2017 - A mutant of the Buthus martensii Karsch antitumor-analgesic peptide exhibits reduced inhibition to hNav1.4 and hNav1.5 channels while retaining analgesic activity
Port-a-Patch publication in Journal of Biological Chemistry (2017)
Xu Y., Meng X., Hou X., Sun J., Kong X., Sun Y., Liu Z., Ma Y., Niu Y., Song Y., Cui Y., Zhao M., Zhang J.
Journal of Biological Chemistry (2017) 292:18270-18280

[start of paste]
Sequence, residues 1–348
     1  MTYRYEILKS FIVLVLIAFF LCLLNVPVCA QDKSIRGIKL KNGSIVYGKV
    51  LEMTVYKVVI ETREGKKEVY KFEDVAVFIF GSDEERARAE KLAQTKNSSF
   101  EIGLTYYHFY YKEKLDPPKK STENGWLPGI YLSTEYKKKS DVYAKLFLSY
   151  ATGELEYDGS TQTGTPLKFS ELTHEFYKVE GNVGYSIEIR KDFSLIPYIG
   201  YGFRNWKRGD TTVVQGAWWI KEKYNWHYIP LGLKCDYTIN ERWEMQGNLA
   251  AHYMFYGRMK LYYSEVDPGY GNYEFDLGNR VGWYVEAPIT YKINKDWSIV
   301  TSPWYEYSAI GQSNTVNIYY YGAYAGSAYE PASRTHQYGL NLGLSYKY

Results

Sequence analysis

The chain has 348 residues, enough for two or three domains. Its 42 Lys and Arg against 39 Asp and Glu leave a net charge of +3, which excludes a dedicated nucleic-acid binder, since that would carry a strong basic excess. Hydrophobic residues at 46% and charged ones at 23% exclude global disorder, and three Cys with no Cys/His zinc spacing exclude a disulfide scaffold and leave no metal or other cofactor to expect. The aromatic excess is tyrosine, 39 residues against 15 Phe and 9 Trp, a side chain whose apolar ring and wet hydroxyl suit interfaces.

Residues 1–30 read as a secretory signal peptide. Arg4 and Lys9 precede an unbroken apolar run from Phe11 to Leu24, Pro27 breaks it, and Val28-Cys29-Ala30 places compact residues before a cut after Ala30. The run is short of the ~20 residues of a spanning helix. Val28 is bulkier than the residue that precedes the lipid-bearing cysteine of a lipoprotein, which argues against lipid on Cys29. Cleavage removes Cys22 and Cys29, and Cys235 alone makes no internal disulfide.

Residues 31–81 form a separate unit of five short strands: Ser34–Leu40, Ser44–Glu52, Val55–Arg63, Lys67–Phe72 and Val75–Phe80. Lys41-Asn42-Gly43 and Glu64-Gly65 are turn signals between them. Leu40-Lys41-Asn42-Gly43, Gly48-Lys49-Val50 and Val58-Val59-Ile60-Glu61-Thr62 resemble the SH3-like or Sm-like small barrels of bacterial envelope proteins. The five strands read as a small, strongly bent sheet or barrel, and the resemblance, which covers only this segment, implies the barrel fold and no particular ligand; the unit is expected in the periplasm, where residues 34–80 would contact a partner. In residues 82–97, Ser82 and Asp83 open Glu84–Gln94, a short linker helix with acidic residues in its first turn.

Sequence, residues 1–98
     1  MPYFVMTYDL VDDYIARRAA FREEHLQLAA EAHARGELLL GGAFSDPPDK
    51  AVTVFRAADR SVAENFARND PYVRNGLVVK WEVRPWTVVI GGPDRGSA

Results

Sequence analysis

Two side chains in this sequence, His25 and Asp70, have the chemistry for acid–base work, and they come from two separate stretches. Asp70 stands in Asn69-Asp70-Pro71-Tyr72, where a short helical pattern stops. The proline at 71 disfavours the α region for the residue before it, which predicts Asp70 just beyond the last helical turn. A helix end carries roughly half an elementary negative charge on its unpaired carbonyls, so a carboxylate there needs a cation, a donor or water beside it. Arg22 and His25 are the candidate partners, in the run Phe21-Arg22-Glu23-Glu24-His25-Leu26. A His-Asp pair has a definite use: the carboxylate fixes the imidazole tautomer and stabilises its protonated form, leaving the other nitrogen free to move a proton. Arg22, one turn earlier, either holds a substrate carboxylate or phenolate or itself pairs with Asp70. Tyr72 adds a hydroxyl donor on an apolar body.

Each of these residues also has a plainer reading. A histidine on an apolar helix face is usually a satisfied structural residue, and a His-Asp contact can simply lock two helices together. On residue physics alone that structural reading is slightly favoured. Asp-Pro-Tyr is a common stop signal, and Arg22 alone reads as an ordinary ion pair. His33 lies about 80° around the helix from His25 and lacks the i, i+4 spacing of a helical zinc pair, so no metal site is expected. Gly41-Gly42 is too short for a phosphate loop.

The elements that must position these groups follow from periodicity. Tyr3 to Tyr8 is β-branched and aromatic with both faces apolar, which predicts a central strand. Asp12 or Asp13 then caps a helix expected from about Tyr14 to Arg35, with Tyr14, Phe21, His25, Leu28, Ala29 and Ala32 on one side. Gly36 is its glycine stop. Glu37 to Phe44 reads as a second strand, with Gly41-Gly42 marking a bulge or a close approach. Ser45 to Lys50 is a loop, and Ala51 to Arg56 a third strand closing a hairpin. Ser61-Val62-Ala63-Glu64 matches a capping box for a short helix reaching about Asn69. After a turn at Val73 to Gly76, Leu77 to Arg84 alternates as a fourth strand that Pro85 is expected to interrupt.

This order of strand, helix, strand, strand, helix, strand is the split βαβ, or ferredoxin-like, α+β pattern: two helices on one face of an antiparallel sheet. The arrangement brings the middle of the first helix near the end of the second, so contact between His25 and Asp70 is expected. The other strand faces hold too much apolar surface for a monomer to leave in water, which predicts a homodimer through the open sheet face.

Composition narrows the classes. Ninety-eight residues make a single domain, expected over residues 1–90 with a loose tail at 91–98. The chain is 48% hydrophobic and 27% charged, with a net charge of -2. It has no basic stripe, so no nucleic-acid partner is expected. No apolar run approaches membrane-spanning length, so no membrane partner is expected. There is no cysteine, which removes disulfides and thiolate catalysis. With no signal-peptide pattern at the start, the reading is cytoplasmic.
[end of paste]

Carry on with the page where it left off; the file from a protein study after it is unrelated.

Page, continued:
Scorpion toxins can kill other animals by inducing paralysis and arrhythmia, which limits the potential applications of these agents in the clinical management of diseases. Antitumor-analgesic peptide (AGAP), purified from Buthus martensii Karsch, has been proved to possess analgesic and antitumor activities. Trp38, a conserved aromatic residue of AGAP, might play an important role in mediating AGAP activities according to the sequence and homology-modeling analyses. Therefore, an AGAP mutant, W38G, was generated, and effects of both AGAP and the mutant W38G were examined by whole-cell patch clamp techniques on the sodium channels hNaV1.4 and hNaV1.5, which were closely associated with the biotoxicity of skeletal and cardiac muscles, respectively. The data showed that both W38G and AGAP inhibited the peak currents of hNaV1.4 and hNaV1.5; however, W38G induced a much weaker inhibition of both channels than AGAP. Accordingly, W38G exhibited much less toxic effect on both skeletal and cardiac muscles than AGAP in vivo. The analgesic activity of W38G and AGAP were verified in vivo as well, and W38G retained analgesic activity similar to AGAP. Inhibition to both NaV1.7 and NaV1.8 was involved in the analgesic mechanism of AGAP and W38G. These findings indicated that Trp38 was a key amino acid involved in the biotoxicity of AGAP, and the AGAP mutant W38G might be a safer alternative for clinical application because it retains the analgesic efficacy with less toxicity to skeletal and cardiac muscles.